Defense

The Pentagon wants to be hacked -- and learn from it

Shutterstock image: looking for code.

SAN FRANCISCO -- The Defense Department will begin a pilot program next month to allow carefully screened hackers to scour DOD websites for vulnerabilities and report their findings.

DOD has its own "red teams" that probe defense networks for security flaws, but the Hack the Pentagon initiative goes a significant step further by inviting private hackers to get out their digital scalpels.

The department's first bug bounty program will be one of several forthcoming initiatives to discover vulnerabilities in DOD applications, websites and networks, according to Pentagon Press Secretary Peter Cook.

"You'd much rather find the vulnerabilities in your networks in that way than by the other way, which is pilferage of information -- in our case, compromise, shutdown and so forth of our networks," Defense Secretary Ash Carter said March 2 at the RSA Conference in San Francisco.

Carter cast the program as part of his push to get the Pentagon to embrace a startup mentality.

"If you don't take risk and you're not willing to fail, then you're never going to get anywhere," he said. "And you all know that, and that's one of the things that's imbued in the innovative community out here."

The hackers will target the department's public websites, not critical, mission-facing systems, Cook said. Participants might get paid for their efforts in the form of rewards for finding vulnerabilities, known in industry as "bug bounties." Only U.S. citizens are eligible for the program. Hackers who participate must undergo a background check before they are given access to DOD systems.

Like the rest of the federal government, DOD is competing with the private sector to recruit top cybersecurity talent.

In the past three years, several of the Pentagon's red-team specialists have left for lucrative private-sector jobs, according to a Pentagon memo obtained by the Daily Beast. The specialists who have stayed are not keeping pace with sophisticated adversaries, according to the report.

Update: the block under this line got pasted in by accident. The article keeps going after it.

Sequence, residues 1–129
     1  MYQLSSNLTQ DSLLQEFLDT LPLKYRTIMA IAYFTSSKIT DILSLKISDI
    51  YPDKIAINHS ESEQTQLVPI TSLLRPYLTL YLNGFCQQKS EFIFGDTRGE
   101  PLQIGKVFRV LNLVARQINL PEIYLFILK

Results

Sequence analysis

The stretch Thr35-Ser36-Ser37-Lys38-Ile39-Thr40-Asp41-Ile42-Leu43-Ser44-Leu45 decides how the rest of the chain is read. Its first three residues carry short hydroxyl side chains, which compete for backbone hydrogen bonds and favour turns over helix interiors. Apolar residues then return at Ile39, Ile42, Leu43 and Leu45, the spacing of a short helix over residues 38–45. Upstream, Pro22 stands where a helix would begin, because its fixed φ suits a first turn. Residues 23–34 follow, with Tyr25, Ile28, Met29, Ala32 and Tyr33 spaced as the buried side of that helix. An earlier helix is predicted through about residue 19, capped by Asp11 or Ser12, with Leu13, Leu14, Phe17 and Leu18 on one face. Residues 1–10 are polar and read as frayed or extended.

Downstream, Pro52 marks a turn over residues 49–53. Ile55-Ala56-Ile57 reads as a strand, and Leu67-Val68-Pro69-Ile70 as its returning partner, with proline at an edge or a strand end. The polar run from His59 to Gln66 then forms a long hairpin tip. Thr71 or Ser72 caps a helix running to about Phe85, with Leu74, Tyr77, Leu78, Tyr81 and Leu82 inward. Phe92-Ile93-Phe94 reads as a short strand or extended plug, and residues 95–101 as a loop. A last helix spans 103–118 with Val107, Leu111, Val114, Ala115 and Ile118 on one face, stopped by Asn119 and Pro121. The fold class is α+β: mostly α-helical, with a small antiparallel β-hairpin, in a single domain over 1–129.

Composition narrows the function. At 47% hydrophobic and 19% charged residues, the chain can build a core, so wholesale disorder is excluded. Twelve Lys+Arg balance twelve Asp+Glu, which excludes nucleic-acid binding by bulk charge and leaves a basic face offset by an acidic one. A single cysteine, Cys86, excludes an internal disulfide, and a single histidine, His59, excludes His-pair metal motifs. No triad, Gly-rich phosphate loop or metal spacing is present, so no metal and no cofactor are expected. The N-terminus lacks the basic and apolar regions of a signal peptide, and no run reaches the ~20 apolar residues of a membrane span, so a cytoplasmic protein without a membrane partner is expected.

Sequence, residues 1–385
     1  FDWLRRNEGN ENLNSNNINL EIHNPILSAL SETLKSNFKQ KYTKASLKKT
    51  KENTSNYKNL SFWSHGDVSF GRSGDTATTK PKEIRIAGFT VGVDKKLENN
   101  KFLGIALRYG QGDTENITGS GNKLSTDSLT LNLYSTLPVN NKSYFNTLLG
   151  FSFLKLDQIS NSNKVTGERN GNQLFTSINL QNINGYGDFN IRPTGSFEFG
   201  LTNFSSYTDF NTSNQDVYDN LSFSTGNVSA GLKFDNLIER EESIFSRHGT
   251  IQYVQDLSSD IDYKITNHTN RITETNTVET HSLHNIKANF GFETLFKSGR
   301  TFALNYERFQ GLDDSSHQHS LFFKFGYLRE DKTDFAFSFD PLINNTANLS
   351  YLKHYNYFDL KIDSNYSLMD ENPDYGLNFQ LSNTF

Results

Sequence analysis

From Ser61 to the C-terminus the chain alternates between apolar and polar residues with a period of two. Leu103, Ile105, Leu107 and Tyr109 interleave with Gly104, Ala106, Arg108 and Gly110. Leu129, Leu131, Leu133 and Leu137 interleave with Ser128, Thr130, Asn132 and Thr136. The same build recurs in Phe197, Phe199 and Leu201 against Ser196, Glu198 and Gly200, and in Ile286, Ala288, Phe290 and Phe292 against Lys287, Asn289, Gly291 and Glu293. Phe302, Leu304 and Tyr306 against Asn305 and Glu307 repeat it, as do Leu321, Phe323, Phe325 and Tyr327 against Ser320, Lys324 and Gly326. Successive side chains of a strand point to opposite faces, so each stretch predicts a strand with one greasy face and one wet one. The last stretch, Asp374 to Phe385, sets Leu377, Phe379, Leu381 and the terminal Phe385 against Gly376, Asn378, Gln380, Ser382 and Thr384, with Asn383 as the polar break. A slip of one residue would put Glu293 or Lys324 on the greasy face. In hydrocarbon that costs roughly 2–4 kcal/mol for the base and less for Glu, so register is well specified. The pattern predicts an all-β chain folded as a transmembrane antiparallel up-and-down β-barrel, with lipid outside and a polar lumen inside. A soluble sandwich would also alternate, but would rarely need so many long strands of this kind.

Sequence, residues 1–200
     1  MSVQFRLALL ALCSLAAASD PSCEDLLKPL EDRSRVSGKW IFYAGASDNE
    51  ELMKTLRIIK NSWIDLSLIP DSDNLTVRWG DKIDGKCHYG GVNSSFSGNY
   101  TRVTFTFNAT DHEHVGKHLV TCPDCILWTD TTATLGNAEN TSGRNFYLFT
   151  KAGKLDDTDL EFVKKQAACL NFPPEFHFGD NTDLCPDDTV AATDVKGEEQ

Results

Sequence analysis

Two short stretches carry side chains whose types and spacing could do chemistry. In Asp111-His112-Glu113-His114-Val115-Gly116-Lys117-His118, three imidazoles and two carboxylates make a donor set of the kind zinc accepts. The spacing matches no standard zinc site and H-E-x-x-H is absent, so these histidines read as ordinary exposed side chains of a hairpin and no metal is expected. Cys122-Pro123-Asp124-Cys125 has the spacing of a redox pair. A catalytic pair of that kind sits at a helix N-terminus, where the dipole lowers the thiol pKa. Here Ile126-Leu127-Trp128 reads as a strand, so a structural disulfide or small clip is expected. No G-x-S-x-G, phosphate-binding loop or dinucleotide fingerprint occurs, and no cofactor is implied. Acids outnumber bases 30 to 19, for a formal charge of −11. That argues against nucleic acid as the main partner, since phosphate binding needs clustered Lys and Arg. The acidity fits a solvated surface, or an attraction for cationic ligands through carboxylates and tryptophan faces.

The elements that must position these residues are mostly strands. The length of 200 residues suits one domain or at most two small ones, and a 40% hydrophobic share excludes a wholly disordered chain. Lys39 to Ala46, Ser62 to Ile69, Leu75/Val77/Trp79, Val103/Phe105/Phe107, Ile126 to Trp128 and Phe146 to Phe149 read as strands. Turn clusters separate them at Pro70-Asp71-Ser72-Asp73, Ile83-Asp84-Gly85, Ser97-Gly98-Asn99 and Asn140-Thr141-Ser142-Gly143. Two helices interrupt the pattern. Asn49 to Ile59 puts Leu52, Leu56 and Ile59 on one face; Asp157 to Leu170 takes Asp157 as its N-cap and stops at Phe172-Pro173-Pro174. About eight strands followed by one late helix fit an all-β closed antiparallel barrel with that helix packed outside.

Tony Cole, a FireEye executive who has helped assemble cyber incident response teams at DOD and elsewhere, told FCW that threat data gathered by the bug bounty program could "provide for a more secure internal enterprise and possible future offensive capabilities in the cyber realm."

Although the program "will be difficult to structure and run successfully, the benefits could be large and long-term, [and] could help the department mitigate numerous undiscovered vulnerabilities," he added.

About the Author

Sean Lyngaas is an FCW staff writer covering defense, cybersecurity and intelligence issues. Prior to joining FCW, he was a reporter and editor at Smart Grid Today, where he covered everything from cyber vulnerabilities in the U.S. electric grid to the national energy policies of Britain and Mexico. His reporting on a range of global issues has appeared in publications such as The Atlantic, The Economist, The Washington Diplomat and The Washington Post.

Lyngaas is an active member of the National Press Club, where he served as chairman of the Young Members Committee. He earned his M.A. in international affairs from The Fletcher School of Law and Diplomacy at Tufts University, and his B.A. in public policy from Duke University.

Click here for previous articles by Lyngaas, or connect with him on Twitter: @snlyngaas.


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